In the past, Tel Aviv interpreted Hamas’s choice not to confront it as recognition of the deterrence power established by the Israeli army against the group after the 2008 war. By escalating clashes today, the group is trying to prove to Israel that it is mistaken in this interpretation.
Hamas spokesman Fawzi Barhoum said that escalating attacks by Israel and targeting civilians “is a critical matter and we cannot let it pass. We must put an end to it.” Barhoum said that the Palestinian people “and their courageous resistance groups will never allow Israel to impose any formulae on our people. Our resistance to occupation and Zionist soldiers who have killed our kin is legitimate.”
He held the occupation power “fully responsible for all the consequences and repercussions of this escalation. We will never allow Palestinian blood to be the price for Israeli electioneering and political gains.”
Israelis agree that Netanyahu wants to restore the rules of engagement between Israel and resistance in the Gaza Strip, as well as Israel’s deterrence power, which is why he is attacking Gaza. But he also realises that he cannot undertake a major land, air and sea attack — like in 2008 — because of the transformations that have occurred in the region. Nonetheless, it appears that Netanyahu will continue to order air strikes to assassinate a large number of Hamas leaders and members, and after that will allow Egypt to intercede and mediate a truce.
In order to gain international legitimacy for his scheme, Netanyahu met with foreign ambassadors and claimed that Palestinians initiated confrontations by attacking Jewish settlements. He also personally briefed them about the damage done by rocket attacks, although no Jewish settlers were killed during the attacks; eight Palestinians are dead because of Israeli air strikes.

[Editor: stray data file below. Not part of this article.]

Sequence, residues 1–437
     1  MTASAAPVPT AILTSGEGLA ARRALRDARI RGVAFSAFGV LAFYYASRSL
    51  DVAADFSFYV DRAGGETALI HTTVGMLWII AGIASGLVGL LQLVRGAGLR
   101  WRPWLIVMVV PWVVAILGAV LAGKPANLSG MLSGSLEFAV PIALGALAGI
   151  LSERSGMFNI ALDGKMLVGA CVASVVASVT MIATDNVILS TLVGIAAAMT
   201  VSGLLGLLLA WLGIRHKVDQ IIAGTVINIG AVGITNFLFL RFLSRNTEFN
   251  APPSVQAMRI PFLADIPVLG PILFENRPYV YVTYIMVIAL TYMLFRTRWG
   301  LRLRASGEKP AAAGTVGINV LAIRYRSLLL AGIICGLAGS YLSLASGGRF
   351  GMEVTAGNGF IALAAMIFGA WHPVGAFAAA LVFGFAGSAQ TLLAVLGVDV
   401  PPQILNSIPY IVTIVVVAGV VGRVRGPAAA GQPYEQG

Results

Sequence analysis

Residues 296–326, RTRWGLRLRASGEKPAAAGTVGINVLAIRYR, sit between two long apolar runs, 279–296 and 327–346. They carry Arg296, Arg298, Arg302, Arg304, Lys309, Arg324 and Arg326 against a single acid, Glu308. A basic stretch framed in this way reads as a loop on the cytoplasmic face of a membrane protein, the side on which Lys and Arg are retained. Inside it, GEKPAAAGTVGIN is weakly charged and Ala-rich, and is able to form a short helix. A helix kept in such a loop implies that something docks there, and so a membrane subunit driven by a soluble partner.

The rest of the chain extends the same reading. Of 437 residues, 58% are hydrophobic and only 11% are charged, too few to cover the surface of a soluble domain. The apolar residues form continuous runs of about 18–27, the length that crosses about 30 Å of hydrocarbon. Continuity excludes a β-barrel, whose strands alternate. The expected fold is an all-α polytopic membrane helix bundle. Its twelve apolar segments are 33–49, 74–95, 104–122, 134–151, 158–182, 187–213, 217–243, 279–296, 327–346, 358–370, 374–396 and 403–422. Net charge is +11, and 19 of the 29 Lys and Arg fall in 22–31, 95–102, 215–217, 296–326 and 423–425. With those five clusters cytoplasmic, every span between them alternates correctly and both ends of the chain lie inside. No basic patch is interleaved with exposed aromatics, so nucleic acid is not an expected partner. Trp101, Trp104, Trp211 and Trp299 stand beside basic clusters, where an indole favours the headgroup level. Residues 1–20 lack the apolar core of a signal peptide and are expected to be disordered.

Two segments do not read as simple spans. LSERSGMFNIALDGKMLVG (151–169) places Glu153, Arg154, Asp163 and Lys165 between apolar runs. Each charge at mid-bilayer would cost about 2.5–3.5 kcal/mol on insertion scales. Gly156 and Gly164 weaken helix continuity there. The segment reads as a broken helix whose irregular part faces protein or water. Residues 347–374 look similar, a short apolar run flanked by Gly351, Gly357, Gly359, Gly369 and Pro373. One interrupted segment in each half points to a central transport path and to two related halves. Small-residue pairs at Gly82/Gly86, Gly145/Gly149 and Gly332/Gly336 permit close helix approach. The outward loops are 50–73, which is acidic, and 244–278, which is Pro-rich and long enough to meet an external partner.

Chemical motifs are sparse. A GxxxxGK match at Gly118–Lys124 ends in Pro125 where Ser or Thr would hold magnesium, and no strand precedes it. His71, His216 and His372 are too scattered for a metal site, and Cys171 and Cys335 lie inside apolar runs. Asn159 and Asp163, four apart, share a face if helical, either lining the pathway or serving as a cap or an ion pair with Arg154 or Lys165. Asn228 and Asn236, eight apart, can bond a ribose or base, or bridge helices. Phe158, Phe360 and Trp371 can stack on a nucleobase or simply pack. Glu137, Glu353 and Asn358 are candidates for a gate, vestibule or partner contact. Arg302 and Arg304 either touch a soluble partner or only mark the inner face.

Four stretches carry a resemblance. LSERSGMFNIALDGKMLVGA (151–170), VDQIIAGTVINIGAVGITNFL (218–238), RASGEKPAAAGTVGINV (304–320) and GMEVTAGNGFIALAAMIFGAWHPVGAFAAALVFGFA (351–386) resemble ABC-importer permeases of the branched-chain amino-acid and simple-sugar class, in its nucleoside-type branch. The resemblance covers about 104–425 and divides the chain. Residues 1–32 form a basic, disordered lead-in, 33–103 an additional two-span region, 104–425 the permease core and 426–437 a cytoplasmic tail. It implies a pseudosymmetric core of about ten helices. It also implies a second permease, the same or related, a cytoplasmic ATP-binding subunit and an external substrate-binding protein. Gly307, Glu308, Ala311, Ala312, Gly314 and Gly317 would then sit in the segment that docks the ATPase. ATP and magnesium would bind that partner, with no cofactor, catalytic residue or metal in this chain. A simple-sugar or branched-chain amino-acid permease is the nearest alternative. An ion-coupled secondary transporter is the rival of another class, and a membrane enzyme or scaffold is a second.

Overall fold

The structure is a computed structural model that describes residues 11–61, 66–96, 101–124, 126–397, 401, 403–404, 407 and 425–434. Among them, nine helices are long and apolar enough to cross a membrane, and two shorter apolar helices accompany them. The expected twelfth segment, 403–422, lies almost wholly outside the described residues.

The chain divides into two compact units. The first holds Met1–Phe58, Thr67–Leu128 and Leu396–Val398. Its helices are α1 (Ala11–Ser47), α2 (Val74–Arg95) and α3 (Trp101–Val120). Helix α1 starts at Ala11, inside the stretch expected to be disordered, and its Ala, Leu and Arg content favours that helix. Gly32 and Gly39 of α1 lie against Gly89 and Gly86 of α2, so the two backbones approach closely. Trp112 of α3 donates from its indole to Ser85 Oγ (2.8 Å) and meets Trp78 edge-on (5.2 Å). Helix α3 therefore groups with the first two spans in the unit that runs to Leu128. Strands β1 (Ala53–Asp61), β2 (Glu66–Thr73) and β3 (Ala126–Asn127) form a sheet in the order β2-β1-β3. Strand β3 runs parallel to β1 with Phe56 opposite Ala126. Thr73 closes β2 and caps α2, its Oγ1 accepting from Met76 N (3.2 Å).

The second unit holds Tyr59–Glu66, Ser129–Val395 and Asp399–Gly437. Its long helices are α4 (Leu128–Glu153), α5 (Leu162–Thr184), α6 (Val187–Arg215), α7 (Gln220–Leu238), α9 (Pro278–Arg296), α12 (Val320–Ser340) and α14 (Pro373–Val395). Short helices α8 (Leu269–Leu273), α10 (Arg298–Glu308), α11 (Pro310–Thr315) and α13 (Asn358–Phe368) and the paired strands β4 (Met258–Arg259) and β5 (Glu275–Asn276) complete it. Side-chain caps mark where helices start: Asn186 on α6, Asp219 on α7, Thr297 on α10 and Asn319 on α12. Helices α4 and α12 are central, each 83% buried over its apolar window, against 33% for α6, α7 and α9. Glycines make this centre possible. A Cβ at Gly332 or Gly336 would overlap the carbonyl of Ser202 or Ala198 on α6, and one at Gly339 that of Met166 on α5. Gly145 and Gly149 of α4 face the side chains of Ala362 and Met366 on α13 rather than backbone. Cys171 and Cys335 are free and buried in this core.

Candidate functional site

Retired General Ron Tira, a researcher at the Israeli National Security Research Centre, said that Tel Aviv believes that one of the most serious consequences of the Arab Spring is the bigger role public opinion now plays in decision-making in the Arab world. This is especially true in countries where revolutions for democratic transformation took place, specifically in Egypt.
Therefore, Tira asserts, there is real concern by decision-makers in Tel Aviv that in the wake of a major military attack against Gaza public pressure in Egypt would force Egypt’s rulers to revise the Camp David Treaty, which Israel considers one of its national security pillars.
Meanwhile, Israel is concerned that any major military operation against Gaza would distract the world’s attention from Iran’s nuclear programme, jeopardise the alliance against Iran, and shrink the role of Arab countries in this alliance. At the same time, Israel is worried that its international standing will drop further if it carries out a military operation against Gaza, because the international media, like in 2008, would once again broadcast images of the atrocities it is committing, such as torn corpses of children, women and the elderly.
This all implies that Netanyahu is only interested in “limited” confrontations, mainly air attacks, so that when the Egyptian side intercedes and a truce is reached, Israel could return to its strikes. According to the Israeli logic, this would restore its deterrence power and also boost Netanyahu’s chances of winning in the upcoming elections.
But the instigator cannot always end confrontations at their own convenience.